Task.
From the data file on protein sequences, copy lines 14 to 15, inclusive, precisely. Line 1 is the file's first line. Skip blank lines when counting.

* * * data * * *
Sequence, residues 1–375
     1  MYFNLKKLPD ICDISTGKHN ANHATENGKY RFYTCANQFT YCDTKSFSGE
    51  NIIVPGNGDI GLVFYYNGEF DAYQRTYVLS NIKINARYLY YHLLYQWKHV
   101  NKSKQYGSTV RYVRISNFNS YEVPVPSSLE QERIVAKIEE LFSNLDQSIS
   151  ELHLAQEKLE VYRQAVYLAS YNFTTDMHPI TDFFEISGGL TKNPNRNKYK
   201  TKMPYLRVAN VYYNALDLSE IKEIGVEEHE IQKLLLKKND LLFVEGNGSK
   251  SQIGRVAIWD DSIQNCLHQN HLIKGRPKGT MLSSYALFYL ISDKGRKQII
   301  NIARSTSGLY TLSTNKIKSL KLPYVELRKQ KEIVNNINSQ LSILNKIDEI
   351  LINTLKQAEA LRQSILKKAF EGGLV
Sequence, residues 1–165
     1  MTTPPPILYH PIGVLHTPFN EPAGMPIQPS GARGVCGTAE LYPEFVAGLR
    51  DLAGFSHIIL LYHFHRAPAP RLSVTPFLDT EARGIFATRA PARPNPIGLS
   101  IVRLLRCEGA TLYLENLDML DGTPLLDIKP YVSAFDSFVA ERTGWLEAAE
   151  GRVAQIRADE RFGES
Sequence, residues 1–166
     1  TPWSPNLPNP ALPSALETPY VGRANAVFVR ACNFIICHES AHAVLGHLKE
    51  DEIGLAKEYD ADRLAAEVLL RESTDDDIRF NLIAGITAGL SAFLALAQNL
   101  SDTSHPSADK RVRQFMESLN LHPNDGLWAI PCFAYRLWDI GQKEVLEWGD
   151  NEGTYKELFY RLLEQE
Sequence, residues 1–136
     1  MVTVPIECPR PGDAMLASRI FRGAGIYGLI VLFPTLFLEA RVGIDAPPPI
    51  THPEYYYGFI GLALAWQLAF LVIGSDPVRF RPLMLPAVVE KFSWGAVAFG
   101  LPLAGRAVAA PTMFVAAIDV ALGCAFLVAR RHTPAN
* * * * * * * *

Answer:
   151  GRVAQIRADE RFGES
Sequence, residues 1–166